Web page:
A high dose of famotidine, commonly known as Pepcid®, was found to have beneficial effects in adult patients with coronavirus disease 2019 (COVID-19), according to results of an outpatient clinical trial. Patients who took famotidine in this trial experienced a decrease of inflammation within the body and reported earlier alleviation of symptoms. Findings from the trial, led by The Feinstein Institutes for Medical Research at Northwell Health and Cold Spring Harbor Laboratory (CSHL) were published in February, 2022 in the journal Gut.
Famotidine is a safe, low-cost, over-the-counter drug usually used to treat heartburn. People with COVID-19 often get sick because the body’s inflammatory response to the virus gets overactivated. Previous studies have shown that famotidine turns inflammation down by blocking a specific molecular pathway. This trial confirms that famotidine leads to earlier resolution of inflammation in patients with COVID-19 and also alleviates symptoms of the disease, while the acquisition of immunity against the virus that causes COVID-19 is maintained. Because famotidine does not target the virus directly like vaccines or anti-viral medications, it may be a promising potential treatment for patients with COVID-19 and emergent viral variants.
“We found that famotidine is safe at the higher doses used, and see molecular and clinical evidence that it improves the recovery of symptomatic patients of diverse ancestries diagnosed with COVID-19,” said Tobias Janowitz, M.D., Ph.D., the principal investigator of the trial, an assistant professor at CSHL and adjunct professor at the Feinstein Institutes. “We closely monitored patients in this fully-remote clinical trial while protecting their safety and that of health care providers in pandemic conditions. We hope that the data we are sharing with this study guide future trials that are necessary to confirm famotidine as a treatment for patients with COVID-19.”
The trial, which was launched in January 2021, was an entirely remote, randomized, double-blind, placebo-controlled clinical trial to evaluate the safety and efficacy of famotidine in diverse patient populations. It was designed to keep trial participants out of the hospital throughout their treatment by enabling participation from home. Additionally, in collaboration with New York City Health + Hospitals, eligible patients residing in COVID-19 quarantine hotels were approached to participate, which helped diversify enrollment. Analysis of the trial was supported by statisticians from Stony Brook University.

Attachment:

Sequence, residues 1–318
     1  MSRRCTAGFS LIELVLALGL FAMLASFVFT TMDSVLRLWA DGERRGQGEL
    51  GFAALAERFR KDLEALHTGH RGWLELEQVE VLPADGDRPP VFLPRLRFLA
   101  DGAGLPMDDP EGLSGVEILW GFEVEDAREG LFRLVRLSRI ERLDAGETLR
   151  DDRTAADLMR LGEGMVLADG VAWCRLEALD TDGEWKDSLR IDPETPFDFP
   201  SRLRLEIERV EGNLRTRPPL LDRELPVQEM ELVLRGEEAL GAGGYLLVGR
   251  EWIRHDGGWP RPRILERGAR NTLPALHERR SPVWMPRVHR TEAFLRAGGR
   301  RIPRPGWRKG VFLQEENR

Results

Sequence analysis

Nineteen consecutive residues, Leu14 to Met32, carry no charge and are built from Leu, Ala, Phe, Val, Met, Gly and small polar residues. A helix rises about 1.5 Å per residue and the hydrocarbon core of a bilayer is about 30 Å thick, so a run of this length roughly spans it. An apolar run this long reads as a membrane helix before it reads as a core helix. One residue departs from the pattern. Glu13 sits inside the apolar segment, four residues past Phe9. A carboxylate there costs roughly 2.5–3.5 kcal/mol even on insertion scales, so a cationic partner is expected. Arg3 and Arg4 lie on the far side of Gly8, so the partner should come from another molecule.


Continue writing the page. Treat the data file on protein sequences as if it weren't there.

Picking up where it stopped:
“Our institutions worked extremely well together to face challenges the pandemic posed, like offering digital solutions and reaching populations who struggled for access to care,” said Christina Brennan, MD, vice president of clinical research at the Feinstein Institutes and co-investigator of the trial. “From screening patients to organizing home delivery of the equipment and medication, this sets a new model for future trials and convenience for participants.”
Adult COVID-19-positive patients with mild to moderate symptoms were sent a cellular-activated Apple iPad, along with a Bluetooth-enabled scale, thermometer, fitness tracker, spirometer (to study air flow in and out of the lungs), and pulse oximeter (to measure blood oxygen levels). Nearly two-thirds of patients enrolled were from Black, mixed-race, or Hispanic communities.
“Accessible, safe, and low-cost outpatient treatment options are a priority in our global efforts to combat COVID-19. Northwell Health and New York City Health + Hospitals provided care for the communities most in need of support in NYC,” said Nicole Jordan-Martin, the executive director for New York City Health + Hospitals/Community Care which operates the NYC Test & Trace Corps Take Care Hotel Program; their team helped connect guests to the clinical trial coordinators at the Feinstein Institutes. “Many of our nursing staff and guests at Take Care hotel sites made an important contribution to the trial.”
Either placebo or famotidine at 80 mg, three times per day was prescribed and taken orally for a maximum of 14 days by 55 non-vaccinated participants—28 received placebo and 27 received famotidine. The patients tolerated the dosage of medication very well. Northwell’s Home Lab program was used for required blood draws and COVID-19 diagnostic nasal swabs tests. Participants who took famotidine experienced quicker resolution of inflammation in the body, according to blood work results. In addition, the patients who took famotidine experienced more rapid and better resolution of 14 out of 16 assessed symptoms, including improvement in breathing, chest congestion, cough, and abdominal pain. The prespecified primary endpoint, an earlier resolution of the sum of all symptom scores, was not reached at statistical significance.
“In today’s virtual world, our clinical trial strategy has significant implications for how to study new drugs in patients at home,” said Kevin J. Tracey, MD, president and CEO of the Feinstein Institutes and member of the study team. “Because SARS-CoV-2 continues to infect millions, the data from this trial of an effective, safe, cheap, generic drug should be valuable to global efforts to find safe and affordable therapies to treat COVID-19.”